RGB Shield (kit)
RGB-shield for controlling / dimming three channels of LEDs (1 x RGB or 3 single channels) with Arduino UNO. The shield can drive up to 2A from the internal power of the Arduino (Vin) and up to 6A with external power supply. The shield also has headers on the top of the card for stacking several shields on top of eachother. Specifications: 2 A load via Vin or 6 A load via external power 12 or 24 V external power supply Uses pin 3, 5, 6 PWM on an Arduino UNO board Dimensions: 68 x 53mm / 2.67 x 2.08"
  TinkerKit LED module 10mm yellow
The LED is possibly the simplest actuator available. Itâs a low power light source available in many colors. It lights up when powered from an Arduino pin. Input: Arduino provides a maximum of 40 mA per pin; this is enough to light up the LED through thedigitalWrite() and analogWrite() functions. Module description: this module features a 10mm Yellow Light Emitting Diode, the standard TinkerKit 3pin connector and a green LED that signals that the module is correctly powered and a tiny yellow LED that shows the current brightness of the yellow LED. A resistor provides the optimal amount of current when connected to an Arduino.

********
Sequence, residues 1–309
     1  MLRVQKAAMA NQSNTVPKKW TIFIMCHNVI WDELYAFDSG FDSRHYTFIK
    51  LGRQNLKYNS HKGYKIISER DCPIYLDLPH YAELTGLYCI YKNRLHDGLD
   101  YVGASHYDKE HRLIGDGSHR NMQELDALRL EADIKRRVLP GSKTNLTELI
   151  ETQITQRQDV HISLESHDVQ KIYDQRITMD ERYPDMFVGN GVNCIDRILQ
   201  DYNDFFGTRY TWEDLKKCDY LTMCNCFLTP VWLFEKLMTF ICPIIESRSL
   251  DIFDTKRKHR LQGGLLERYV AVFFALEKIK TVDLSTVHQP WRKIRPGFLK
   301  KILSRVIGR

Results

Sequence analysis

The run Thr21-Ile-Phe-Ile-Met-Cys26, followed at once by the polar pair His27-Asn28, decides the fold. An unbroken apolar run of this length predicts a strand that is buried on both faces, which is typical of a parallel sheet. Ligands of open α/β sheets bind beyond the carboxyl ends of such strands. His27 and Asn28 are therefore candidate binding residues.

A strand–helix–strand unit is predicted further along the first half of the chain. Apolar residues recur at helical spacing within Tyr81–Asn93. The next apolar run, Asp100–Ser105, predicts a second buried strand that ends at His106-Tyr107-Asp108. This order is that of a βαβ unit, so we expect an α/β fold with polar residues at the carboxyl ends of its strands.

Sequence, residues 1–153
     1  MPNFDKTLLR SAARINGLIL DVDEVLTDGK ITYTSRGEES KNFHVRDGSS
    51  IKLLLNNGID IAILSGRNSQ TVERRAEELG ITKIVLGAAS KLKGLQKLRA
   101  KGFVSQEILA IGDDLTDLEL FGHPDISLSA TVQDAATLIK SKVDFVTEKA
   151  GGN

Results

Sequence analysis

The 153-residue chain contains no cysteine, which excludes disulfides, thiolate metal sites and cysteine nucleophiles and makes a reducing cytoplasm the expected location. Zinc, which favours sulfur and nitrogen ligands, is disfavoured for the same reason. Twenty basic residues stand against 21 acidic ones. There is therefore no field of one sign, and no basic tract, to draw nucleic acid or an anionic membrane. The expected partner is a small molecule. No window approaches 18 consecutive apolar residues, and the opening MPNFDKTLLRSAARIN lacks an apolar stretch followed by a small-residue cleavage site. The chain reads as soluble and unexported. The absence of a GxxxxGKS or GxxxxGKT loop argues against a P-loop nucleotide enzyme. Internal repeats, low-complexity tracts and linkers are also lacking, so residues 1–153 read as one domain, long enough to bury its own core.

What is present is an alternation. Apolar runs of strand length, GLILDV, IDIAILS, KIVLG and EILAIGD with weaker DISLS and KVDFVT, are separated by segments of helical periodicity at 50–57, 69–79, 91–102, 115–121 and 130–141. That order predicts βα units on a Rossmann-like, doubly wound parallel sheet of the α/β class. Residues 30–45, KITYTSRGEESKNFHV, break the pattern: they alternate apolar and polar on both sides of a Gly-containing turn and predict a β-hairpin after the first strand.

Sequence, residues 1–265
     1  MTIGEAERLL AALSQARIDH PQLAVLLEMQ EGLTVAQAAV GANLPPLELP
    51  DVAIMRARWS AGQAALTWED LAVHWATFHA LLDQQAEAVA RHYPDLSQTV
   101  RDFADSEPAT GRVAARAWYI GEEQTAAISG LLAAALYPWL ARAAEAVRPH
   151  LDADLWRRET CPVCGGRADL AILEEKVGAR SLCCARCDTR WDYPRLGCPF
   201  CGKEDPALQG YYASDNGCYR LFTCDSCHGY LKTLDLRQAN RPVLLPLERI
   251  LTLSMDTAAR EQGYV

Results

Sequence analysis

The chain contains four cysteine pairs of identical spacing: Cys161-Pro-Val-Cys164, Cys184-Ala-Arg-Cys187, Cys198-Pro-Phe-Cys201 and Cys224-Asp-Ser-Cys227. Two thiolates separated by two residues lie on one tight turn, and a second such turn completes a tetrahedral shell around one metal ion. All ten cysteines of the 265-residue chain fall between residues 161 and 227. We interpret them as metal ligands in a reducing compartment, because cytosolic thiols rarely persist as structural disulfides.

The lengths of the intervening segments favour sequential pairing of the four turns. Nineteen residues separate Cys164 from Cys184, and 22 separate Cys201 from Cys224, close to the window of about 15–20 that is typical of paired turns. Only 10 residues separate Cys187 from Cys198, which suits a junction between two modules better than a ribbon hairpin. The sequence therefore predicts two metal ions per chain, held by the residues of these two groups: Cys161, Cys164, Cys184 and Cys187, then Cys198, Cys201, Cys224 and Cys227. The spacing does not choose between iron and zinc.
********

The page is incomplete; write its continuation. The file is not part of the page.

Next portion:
TinkerKit Rotary potentiometer